By Mike McKinley:
Yesterday, I discussed a book that rocked my world last week.
As I continued reading Mr. McKinley’s book, I heard a young man (like myself), trying to lead in a ministry that is packed with a massive range in demographics and generational opinions.
This book has opened my eyes to an important reality within our churches, that is relatively new to the church. At no point in church history have we had this many age-ranges packed into one room on a Sunday morning!
Think about it; we’re living longer and therefore increasing the range of age-related preferences within our churches. For those of us who are the thirty-something leaders (not to mention the twenty-somethings), it can be difficult.
What was the life expectancy of the churches that Paul planted? Furthermore, what was the median-age of the Elders that he was appointing?
Let’s fast-forward to the younger years of our current seniors. What was the life expectancy of their churches? Did they have this vast age-range populous in their churches?
Obviously, I’m not saying that our seniors need to die-off or leave the church; that would be ludicrous! I’m just shedding some light on the situation that today’s leaders are in comparison to 2000 years of church history.
Though McKinley doesn’t complain directly about this struggle; like many shrinking churches, it was obviously a reality that he faced. This, and many other related problems became hurdles that Mike would have to overcome.
At his own admission, he struggled in a lot of areas and made his share of mistakes. Yet, he chose to focus on the one thing that could not fail him; Scripture.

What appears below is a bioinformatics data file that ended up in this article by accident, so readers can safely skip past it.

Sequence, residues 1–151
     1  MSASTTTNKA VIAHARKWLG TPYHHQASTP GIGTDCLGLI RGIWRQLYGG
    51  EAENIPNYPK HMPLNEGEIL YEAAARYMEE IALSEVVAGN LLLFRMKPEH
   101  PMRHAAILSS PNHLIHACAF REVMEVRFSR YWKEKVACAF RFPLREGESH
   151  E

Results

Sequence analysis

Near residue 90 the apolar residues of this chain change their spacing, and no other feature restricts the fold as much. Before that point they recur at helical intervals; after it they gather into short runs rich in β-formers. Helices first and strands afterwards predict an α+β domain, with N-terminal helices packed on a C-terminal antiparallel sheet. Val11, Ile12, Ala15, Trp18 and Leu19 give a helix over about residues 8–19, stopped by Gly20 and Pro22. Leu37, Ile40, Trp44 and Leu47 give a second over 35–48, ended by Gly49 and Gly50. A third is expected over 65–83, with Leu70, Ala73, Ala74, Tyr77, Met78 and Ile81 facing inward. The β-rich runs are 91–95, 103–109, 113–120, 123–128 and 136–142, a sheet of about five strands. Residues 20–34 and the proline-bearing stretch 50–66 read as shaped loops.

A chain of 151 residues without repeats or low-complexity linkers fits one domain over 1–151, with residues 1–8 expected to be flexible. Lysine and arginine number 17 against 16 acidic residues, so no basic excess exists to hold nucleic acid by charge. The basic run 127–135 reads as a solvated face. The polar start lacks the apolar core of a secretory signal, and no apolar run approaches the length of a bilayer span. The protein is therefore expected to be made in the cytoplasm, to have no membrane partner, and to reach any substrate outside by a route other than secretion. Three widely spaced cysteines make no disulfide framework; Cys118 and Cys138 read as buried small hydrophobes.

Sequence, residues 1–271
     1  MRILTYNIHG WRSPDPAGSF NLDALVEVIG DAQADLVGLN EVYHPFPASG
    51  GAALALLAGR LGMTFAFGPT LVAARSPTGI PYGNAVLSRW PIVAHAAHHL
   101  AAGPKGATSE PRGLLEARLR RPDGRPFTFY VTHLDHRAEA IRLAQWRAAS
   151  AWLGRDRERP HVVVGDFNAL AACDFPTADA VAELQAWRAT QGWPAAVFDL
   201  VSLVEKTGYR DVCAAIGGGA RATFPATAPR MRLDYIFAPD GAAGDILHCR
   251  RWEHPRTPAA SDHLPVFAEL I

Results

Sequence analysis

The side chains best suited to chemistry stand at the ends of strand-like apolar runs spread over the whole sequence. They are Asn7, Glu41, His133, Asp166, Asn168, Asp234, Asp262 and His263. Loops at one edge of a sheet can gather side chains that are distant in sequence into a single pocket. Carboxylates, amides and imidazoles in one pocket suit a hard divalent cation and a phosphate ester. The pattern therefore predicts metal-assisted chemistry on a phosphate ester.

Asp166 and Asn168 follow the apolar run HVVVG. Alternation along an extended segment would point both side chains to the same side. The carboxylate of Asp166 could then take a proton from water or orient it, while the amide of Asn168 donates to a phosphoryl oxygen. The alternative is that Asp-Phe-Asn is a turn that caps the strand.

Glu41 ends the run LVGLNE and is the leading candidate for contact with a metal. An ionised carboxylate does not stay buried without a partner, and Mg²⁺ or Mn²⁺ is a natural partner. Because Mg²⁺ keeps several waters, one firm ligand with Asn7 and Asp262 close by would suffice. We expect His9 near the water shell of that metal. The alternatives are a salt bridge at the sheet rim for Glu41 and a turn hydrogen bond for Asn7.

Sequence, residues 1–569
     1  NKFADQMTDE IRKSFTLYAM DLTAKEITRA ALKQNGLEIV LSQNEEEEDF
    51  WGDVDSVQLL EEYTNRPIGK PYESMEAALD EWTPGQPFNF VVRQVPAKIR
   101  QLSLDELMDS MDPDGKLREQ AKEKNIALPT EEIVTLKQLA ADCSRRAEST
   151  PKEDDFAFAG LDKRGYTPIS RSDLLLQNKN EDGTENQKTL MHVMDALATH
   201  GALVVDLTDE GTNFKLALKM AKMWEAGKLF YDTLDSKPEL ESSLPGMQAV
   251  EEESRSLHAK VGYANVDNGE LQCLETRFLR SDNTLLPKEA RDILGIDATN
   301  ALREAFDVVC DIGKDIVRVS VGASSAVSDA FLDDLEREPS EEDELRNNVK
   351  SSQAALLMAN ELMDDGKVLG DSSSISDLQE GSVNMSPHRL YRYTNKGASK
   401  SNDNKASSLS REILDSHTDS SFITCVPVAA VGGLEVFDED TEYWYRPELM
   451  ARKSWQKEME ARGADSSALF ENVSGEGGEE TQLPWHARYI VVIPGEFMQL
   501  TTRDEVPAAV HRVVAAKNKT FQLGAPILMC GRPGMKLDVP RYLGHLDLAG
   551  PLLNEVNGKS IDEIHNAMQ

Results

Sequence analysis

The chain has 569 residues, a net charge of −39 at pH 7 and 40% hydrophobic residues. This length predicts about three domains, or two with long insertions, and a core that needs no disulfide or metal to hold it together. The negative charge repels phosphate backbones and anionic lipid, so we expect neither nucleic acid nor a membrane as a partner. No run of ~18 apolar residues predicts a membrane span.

Preaching The Word
I was moved by his focus on preaching the Word. He’s so right! Whether it’s the NIV on power-point or an authorized 1611 copy of the KJV, God’s Word taught to God’s people will have an effect.
Personally, I am so prone to getting caught up in how the church is facilitated. I need to remember that the Holy Spirit is real and interacts with the preaching and teaching of Scripture.
I should spend more time in prayer that God will move, instead of relying on my own efforts to move the seemingly immovable.
All in all, Church Planting Is For Wimps has vastly changed how I see church planting. I don’t personally think any ministry is for wimps, but I do recognize that those who are called to church revitalization need our fervent prayer.
Instead of ignoring or avoiding the age-old issues that our churches now face; these workers embrace them head-on. Much is said about church planting, but church revitalization is just as significant to the future of local and global church-growth.
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Do you think church planting is for wimps?